Press: Nashville Voyager | Community Highlights: Meet Kirk Slawek of Gear Seven

*Originally published by Nashville Voyager ( on November 28, 2022.

Community Highlights: Meet Kirk Slawek of Gear Seven

Today we’d like to introduce you to Kirk Slawek.

Hi Kirk, we’d love for you to start by introducing yourself.
I got started with Gear Seven because of some experience I had when I was younger, including internships in college. In high school, I actually had a film class that I took that got me interested in the industry. From there, I started interning and freelancing when I was in college, not knowing what I was doing. I learned a lot along the way, I went to college for business, so nothing in the film program at all. Through internships and from some mentors I had growing up, all in various areas of the industries, I gained a lot of experience in things that aren’t even a part of Gear Seven today. All of the experiences and hands-on learning helped me as we try to figure out the industry we are in now. It’s the polar opposite now from where we started, regarding the way we process everything and the way I was taught when I started more in the world of live events. We originally started with budgeting and building things in a very different way — I didn’t even know what AICP was at the time. I barely even knew what all the crew positions were at the time, but I was lucky to have some great people guide me along the way.

From there, I officially started Gear Seven in 2012 right when I graduated. I was at the teetering point of trying to figure out if I wanted to go work for somebody else in the production, but I knew I always wanted to start my own company and it wouldn’t get any easier if I didn’t do it then — probably one of the biggest initial risks I ever took. Luckily, we are still here today through all of the mistakes I’ve made and the learning we’ve experienced. Ultimately, the prior relationships I had and projects I started on such as $500 music videos, opened my eyes to different genres in the industry — specifically in the commercial and brand space. We’ve learned from everyone we’ve done and the growth all stems from there.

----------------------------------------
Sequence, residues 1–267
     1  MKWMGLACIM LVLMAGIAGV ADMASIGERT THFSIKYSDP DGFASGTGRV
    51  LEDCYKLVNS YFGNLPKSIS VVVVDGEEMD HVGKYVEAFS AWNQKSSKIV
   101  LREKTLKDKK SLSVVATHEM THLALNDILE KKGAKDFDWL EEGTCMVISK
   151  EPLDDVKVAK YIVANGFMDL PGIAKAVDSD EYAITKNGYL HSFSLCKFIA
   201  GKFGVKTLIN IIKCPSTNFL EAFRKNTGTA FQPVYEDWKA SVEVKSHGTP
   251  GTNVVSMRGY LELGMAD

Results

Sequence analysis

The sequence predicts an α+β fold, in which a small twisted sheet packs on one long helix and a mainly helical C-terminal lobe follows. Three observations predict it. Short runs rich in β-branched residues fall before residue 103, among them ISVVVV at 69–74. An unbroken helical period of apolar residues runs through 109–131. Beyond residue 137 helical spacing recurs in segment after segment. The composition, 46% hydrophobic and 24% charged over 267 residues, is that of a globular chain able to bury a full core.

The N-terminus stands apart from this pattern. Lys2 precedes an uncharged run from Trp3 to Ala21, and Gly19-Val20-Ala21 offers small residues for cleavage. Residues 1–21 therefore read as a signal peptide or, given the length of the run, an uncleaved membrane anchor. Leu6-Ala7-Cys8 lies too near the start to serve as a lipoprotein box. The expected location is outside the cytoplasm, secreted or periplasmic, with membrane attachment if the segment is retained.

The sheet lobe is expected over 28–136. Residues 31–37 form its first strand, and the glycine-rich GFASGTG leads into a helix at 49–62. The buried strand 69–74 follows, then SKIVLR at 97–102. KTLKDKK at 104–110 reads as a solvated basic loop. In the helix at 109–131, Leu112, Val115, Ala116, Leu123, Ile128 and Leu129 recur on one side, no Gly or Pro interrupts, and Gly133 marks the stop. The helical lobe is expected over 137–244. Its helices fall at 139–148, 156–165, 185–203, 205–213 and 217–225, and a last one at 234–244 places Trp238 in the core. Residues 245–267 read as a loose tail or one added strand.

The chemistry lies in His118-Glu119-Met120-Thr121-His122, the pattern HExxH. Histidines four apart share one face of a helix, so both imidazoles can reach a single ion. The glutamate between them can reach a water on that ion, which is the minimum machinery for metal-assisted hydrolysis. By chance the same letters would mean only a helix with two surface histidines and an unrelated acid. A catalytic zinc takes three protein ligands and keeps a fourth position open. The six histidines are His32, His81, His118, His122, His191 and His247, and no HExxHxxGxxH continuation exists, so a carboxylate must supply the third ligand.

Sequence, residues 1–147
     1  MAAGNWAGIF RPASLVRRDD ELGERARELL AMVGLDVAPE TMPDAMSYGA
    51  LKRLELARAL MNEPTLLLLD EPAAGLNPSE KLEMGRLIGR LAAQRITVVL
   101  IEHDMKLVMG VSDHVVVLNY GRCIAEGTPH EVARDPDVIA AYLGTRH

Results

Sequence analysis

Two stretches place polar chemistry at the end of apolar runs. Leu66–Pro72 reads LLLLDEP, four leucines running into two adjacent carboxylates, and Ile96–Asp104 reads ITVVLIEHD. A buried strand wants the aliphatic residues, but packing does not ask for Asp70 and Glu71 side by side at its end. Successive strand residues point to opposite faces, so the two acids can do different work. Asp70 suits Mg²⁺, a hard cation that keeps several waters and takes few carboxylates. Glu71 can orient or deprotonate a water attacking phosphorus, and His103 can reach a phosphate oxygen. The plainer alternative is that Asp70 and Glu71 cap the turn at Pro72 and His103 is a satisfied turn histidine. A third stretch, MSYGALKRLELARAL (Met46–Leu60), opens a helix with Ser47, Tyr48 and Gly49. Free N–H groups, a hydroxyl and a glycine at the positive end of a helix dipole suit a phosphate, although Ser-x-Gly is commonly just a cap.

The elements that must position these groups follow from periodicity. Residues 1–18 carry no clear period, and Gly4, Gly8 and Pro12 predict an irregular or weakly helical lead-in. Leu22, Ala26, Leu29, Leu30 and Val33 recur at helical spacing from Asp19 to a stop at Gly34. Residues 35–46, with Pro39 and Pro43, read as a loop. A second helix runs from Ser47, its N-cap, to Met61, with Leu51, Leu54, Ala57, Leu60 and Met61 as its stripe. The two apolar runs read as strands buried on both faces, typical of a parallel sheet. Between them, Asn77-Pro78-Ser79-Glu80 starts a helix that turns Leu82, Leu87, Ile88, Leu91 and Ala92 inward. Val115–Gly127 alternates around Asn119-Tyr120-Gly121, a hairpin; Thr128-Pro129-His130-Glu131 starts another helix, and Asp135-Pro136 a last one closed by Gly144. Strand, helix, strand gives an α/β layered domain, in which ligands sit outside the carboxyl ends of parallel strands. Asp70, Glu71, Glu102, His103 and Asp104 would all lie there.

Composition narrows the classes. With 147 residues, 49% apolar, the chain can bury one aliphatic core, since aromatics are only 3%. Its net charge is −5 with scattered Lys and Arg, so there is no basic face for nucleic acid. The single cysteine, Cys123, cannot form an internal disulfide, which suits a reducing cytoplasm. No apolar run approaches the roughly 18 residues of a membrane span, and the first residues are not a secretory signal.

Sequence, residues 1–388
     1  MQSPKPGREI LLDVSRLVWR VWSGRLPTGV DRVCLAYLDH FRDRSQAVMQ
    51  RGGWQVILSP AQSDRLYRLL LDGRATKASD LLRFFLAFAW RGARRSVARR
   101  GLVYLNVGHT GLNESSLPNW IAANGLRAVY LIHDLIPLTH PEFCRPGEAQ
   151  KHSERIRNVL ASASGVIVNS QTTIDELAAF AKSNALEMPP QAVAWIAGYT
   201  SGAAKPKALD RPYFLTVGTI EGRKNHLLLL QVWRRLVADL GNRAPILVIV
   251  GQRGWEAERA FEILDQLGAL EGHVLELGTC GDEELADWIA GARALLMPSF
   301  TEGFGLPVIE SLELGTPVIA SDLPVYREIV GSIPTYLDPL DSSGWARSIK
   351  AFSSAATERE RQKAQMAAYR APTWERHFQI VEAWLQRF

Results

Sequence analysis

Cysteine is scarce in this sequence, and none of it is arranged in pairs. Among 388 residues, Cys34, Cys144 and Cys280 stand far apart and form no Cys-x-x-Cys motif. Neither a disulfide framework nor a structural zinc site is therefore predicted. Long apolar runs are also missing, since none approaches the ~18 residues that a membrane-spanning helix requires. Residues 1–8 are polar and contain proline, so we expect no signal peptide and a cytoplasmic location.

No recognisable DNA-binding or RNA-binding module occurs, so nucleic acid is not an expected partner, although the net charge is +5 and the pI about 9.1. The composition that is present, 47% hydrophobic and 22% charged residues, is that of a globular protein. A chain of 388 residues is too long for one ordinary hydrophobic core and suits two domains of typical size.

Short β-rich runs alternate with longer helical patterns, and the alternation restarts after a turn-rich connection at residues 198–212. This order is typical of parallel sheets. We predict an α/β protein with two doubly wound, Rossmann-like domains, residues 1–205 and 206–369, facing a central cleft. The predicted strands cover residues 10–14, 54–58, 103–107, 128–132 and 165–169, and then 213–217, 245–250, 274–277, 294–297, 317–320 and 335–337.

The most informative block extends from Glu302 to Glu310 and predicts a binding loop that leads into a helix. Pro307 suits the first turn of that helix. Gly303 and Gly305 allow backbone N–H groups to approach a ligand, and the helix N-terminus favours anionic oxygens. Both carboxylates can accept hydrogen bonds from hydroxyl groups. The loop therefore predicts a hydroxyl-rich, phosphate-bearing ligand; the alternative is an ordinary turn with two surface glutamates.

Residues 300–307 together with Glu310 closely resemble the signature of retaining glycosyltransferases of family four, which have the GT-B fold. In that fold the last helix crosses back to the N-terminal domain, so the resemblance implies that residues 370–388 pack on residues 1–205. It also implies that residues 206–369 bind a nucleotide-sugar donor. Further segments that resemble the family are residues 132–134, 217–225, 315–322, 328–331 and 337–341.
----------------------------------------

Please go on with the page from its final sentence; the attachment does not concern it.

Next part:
In the beginning, we had to learn how to do everything — from bookkeeping to budgeting and everything in between. Sometimes I laugh when I think of all the email signatures I’ve had over the years, from shooter to director to DP… I’ve probably had every crew role as an email signature at some point over the growth of Gear Seven. I can attribute so much of the growth to being able to bring on people who are talented in each part of the business and in production. Editing was one of the first areas that triggered the idea in my brain, that there are people out there who are super talented at it and love it as an art form and passion more than production, the side that I loved more.

Finding people like that was incredible, and the same idea compounded into every role and area. I knew that I could technically learn those areas, but I saw the value in bringing in these people in all positions that leveled up our work.

These people have allowed Gear Seven to create better work than I ever could as a freelancer editor/DP/director.

Through that, many doors opened and allowed us to scale more. We started off as all camera operators, but little did we know early on that we had the talents and skills and making of a real production company. By learning through our mistakes and bumps in the road of that whole process, we were able to grow to where we are today.

Alright, so let’s dig a little deeper into the story – has it been an easy path overall, and if not, what were the challenges you’ve had to overcome?